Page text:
I must admit, we have been repeatedly blessed with eduators who study and learn on their own time how to handle our son.  They have been fantastic with him and I credit them with much of his progress.  In our 11 years of dealing with his diagnosis, we have encountered less than 5 teachers who refused to learn and grow.  Those are amazing numbers.  However, we have had to guide and educate many of them ourselves or encourage them to read books to help themselves.  They should not have to do this on their own time.  The education should be provided.  It is in the best interest of ALL of the students.  The children on the spectrum as well as the neurotypical children. 

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Comments 5 comments

Lori J Mitchell profile image

Lori J Mitchell 7 years ago from California

I can totally sense your frustration, and as you noted more teachers are willing to go above and beyond than those who aren't, it is important to realize that as frustrated as you are and as worn out as you are with trying to do it all that chances are that the teacher who has 30ish students per class most likely has two or three Asperger's kids or PPD kids, and several ADHD kids, so rather than just dealing with the one child the situation is compounded several fold. It is in the best interest of the teacher to learn all they can to help your child and others like him, but unfortunately sometimes that knowledge is not enough, when the teacher is being told that their class test scores must be above average, and if it isn't tested it isn't taught and the kids who aren't going to do well no matter what can't take up your attention because you HAVE to get those scores up! I taught the very special population for years, and with test scores being the end all of be all of education now and teachers being held personally responsible for their student's test scores, the focus of education has caused teachers to do a disservice to our students because, unfortunately, the teacher needs his/her job and if that job is tied directly to high scores of "The Test" then sadly, students like your son get pushed aside. No wonder I burned out and quit teaching. I told the mother of one of my Asperger's students the week before I quit teaching that I didn't go into to teaching to be a teacher, I went into the profession to be a good teacher, and if I couldn't be a good teacher any longer then it was time for me to get out, and unfortunately, with the focus of education these days, teachers are no longer allowed to be good teachers.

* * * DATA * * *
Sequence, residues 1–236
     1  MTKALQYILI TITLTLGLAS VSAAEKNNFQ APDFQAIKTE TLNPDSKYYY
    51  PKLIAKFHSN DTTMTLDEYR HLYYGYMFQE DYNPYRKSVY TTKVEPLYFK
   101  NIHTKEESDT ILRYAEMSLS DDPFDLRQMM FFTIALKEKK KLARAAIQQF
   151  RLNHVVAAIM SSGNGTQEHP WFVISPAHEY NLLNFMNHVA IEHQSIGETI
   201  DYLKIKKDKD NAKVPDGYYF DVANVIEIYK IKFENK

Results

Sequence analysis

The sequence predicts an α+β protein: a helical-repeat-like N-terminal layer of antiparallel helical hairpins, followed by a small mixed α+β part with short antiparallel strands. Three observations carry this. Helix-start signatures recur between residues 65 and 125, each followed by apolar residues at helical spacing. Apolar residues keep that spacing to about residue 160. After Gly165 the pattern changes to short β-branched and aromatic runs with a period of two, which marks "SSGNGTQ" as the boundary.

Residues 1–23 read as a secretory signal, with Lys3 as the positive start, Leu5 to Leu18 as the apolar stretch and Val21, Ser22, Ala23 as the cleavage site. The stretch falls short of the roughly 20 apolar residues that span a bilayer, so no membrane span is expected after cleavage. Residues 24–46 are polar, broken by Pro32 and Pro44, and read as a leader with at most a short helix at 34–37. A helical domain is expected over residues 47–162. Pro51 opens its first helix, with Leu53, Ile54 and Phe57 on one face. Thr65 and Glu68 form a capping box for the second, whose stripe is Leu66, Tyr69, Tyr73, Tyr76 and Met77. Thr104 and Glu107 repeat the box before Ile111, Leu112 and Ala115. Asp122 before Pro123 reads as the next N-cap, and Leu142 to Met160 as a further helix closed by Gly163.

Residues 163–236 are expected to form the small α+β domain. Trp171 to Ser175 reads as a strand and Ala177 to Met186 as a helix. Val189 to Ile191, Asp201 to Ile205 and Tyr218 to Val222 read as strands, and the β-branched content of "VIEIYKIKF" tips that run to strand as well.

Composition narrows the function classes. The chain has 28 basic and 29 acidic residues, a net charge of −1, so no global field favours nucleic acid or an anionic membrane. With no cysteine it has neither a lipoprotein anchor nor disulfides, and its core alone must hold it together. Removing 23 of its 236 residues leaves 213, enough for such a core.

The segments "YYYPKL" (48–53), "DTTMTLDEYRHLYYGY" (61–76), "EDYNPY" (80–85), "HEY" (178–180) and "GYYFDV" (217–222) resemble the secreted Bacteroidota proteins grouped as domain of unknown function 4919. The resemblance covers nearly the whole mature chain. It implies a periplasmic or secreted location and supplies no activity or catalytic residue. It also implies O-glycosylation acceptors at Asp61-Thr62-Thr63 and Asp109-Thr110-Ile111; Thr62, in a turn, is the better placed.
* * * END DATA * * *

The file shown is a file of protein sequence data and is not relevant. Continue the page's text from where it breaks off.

bizymomof3 profile image

bizymomof3 7 years ago from New York City Author

Lori, I so agree with you because besides being a parent of an asperger child, I have been a teacher for 20 years. I have taught special education children with absolutely not assistance and had to rely on my own brain. I am so frustrated that the department of education does not recognize this growing problem and help our educators and our children. Thank you for your insight.


susbo 7 years ago

Joann, yet another insight into aspergers, everything you have written is true and to the point. We go thru the same thing here in Australia. I am beginning to feel that things will never change.... Last month I was up at the school 4 out of the five days, with this one and that one trying to tell me how to raise my child!!!! Joann, you really should write a book, your writings are inspirational, thanks so much.


Dr.Ope profile image

Dr.Ope 5 years ago

Thank you for sharing about your son his Asperger disorder. I think that every teacher should be trained as special educators so that they will have the requisite knowlege on all childhood disoders and know how to effectively help students with these disorders. I will be following you. Keep sharing.


Anne Pettit profile image

Anne Pettit 4 years ago from North Carolina

What works for some children with Aspergers does not neccessarily work for others with Aspergers. The child with Aspergers is legally entitled to accomodation in school that is not a special ed class. My son went to a room that was quiet and staffed when he and his teacher agreed that he could not conform to neccessary classroom behaviors in the classroom at certain times. It was not a consequence. It was an accommodation. There should be a protocol and everyone should agree to it.